Eco-friendly jewelry and accessories made from “diamonds of the sea”, computer wire and an unlikely kitchen utensil
In a world where everything is increasingly sustainable and disturbing, those who make original accessories from scrap are doing a favor to both the planet and our wardrobes, says Claire Jackson.
Diamonds are forever, but so are many other, less obviously valuable things. The permanence of most materials means that after breaks and faded fashions, discarded items are likely to spend the rest of their long lives in landfills. For most of us, this is a place as remote as the lands of Enid Blyton’s Faraway Tree, but the reality of waste management means that even well-organized sites have a huge environmental impact. The longer we can keep our assets in circulation, the better.
“Reduce, Reuse, Recycle” is not a new concept, but as our understanding of its importance grows, manufacturers are increasingly focusing their efforts on reusing existing elements into exciting new parts. There is an abundance of jewelry and accessories that have lived past lives; some obvious, others obscure. A forage on the shore or a dig at a charity shop can set the imagination free. In this brave new world, vintage buttons are a girl’s best friend.
Beach diamonds are forever
Coastal Silver’s boutique cabinets sparkle. The light catches the pendants and the earrings; they glow blue and green. From afar, the centerpieces might be sapphires and emeralds, but up close they appear polished rather than cut. The “jewels” are sea glass, old fragments of trash that have been tossed about by the waves for many years before being harvested by goldsmiths such as Andrea and John Warnock, their children Emily and Jack, and Flossy , the Parson Russell terrier.
The Warnocks finds are presented in a variety of ways, ranging from simple envelopes to animal shapes. “If you can draw it, we will,” confirms Ms Warnock. Coastal Silver, which opened in 2016, offers a wide range of jewelry, but its specialty is sea glass, or “beach diamonds.”
Like diamonds, sea glass is graded and there is a hierarchy of rarity. Olive greens and soft blues are rare, lemon and jade are rare, while red, turquoise and multicolored pieces are classified as ultra rare. Most of Coastal Silver’s treasures come from Cleethorpes in Lincolnshire, where the company is based, but the family sources glass from all over the UK.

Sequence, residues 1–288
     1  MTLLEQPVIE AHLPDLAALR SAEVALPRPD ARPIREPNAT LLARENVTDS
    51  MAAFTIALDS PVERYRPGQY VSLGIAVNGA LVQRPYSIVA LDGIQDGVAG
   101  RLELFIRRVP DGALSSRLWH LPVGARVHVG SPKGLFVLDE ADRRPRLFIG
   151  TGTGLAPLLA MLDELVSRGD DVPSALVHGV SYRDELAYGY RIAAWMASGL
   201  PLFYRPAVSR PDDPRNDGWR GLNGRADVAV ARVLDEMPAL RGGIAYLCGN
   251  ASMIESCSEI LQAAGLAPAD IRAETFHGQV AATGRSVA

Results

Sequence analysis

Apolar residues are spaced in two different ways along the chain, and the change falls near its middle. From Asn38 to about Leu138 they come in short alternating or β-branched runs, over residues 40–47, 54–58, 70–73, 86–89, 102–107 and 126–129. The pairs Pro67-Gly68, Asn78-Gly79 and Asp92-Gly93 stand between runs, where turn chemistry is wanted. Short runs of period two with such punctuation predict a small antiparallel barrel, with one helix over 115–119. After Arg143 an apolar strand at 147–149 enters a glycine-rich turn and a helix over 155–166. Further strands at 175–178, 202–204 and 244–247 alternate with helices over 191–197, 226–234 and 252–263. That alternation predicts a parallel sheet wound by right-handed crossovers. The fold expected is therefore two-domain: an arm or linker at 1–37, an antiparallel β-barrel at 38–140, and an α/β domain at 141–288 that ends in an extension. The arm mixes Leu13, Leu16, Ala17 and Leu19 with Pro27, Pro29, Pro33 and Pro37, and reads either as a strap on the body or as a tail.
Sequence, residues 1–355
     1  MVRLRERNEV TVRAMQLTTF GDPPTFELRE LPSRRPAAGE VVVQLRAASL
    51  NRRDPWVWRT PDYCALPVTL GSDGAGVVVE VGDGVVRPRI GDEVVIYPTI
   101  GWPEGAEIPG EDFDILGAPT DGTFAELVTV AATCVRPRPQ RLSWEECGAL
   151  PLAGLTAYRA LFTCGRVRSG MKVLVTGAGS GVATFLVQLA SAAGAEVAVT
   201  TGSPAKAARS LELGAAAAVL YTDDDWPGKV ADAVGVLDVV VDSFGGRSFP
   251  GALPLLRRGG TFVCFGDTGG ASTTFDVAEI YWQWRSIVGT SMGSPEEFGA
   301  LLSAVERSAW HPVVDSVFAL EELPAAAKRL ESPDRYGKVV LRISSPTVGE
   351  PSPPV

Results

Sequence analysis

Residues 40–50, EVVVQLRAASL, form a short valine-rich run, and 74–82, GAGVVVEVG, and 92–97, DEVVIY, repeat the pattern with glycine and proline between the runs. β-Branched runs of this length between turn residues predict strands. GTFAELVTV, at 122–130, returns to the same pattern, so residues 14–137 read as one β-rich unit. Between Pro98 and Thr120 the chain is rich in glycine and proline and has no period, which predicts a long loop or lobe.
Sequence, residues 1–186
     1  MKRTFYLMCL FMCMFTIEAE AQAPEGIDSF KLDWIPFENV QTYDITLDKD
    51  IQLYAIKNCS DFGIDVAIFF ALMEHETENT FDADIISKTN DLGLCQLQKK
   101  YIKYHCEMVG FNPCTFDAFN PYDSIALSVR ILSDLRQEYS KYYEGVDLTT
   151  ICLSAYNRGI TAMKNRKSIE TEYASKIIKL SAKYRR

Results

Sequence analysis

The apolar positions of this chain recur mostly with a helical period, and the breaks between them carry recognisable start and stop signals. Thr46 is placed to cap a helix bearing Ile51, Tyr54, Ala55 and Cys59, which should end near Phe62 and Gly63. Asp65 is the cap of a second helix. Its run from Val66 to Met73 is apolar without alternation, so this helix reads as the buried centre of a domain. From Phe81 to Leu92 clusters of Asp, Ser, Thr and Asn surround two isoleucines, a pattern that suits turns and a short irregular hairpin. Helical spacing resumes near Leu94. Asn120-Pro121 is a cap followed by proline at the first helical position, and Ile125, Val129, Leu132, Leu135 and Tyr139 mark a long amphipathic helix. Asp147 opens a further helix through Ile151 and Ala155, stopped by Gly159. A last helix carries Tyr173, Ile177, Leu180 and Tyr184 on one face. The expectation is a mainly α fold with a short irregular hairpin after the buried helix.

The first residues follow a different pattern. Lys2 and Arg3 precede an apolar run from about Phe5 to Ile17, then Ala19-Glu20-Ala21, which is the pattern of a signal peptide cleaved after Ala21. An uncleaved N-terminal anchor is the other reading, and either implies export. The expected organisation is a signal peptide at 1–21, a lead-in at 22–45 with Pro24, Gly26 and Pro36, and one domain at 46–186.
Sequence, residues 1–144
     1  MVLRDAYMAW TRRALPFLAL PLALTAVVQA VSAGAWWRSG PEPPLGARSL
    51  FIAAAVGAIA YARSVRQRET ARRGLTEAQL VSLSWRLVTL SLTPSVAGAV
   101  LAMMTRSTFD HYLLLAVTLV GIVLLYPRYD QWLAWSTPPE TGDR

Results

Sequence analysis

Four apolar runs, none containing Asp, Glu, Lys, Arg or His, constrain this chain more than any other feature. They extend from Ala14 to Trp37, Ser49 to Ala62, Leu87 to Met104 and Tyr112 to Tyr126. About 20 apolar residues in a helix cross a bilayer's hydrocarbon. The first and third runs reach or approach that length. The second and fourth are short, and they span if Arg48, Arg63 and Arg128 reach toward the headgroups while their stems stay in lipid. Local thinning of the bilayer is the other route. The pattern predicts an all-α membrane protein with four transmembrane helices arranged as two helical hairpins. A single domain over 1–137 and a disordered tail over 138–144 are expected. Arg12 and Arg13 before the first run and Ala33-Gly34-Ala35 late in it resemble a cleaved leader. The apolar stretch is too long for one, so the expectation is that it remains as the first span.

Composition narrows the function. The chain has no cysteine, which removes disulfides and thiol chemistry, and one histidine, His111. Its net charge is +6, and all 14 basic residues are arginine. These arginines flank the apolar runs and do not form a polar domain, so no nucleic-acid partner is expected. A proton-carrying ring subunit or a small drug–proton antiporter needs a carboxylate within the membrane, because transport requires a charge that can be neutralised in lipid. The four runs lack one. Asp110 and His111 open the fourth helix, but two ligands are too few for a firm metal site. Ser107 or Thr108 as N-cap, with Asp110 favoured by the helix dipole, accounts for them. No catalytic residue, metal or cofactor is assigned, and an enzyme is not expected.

Among cornflower blue and translucent white are flashes of yellow, red and strange rainbow stones. These are the ultimate rarities, collected from Seaham, Co Durham and nearby Sunderland, former sites of several Victorian and Edwardian bottle and glass factories. Until 1921 Seaham was home to the Londonderry Bottleworks, the largest glass bottle factory in Britain.
Sea glass enthusiasts travel from all over the world in hopes of securing its unusual historical glass. Mr and Mrs Warnock are regular visitors and have collected some wonderful gems. “We also collect Codd marbles,” Mrs. Warnock said, showing me a jar full of royal blue orbs. “These were originally used as bottle caps to keep soft drinks from going flat.”
There’s a romance to sea glass and it’s a popular choice for wooing couples looking for an ethical alternative to traditional diamonds. “We make at least one engagement ring every fortnight,” Ms Warnock advises. “We get a lot of people who have a set of glass they found on their honeymoon and they use 100% recycled British silver so the whole piece of jewelery is made from existing materials .”
Coastal Silver ( www.coastalsilver.co.uk)
One of the most unusual items in my jewelry box is a silver bracelet that ends in a wavy, toothed curlicue. It’s an inevitable conversation starter, with observers noticing the unorthodox fixed shape and once utilitarian look – the bracelet was once an unloved fork, destined for the trash can, which, with some imaginative bending, has found new life .
Manufacturers such as Simon Thomas, who launched Simon Says Fork Out, turn all sorts of unloved cutlery, not just forks, into a range of accessories. “I use unwanted odds and ends,” says Thomas. “I buy a lot on eBay, everything that goes through the post makes noise! The designs vary from feathered forks, where the item’s original appearance is subtly preserved, to fish knife-shaped bracelets where the source material is almost unrecognizable.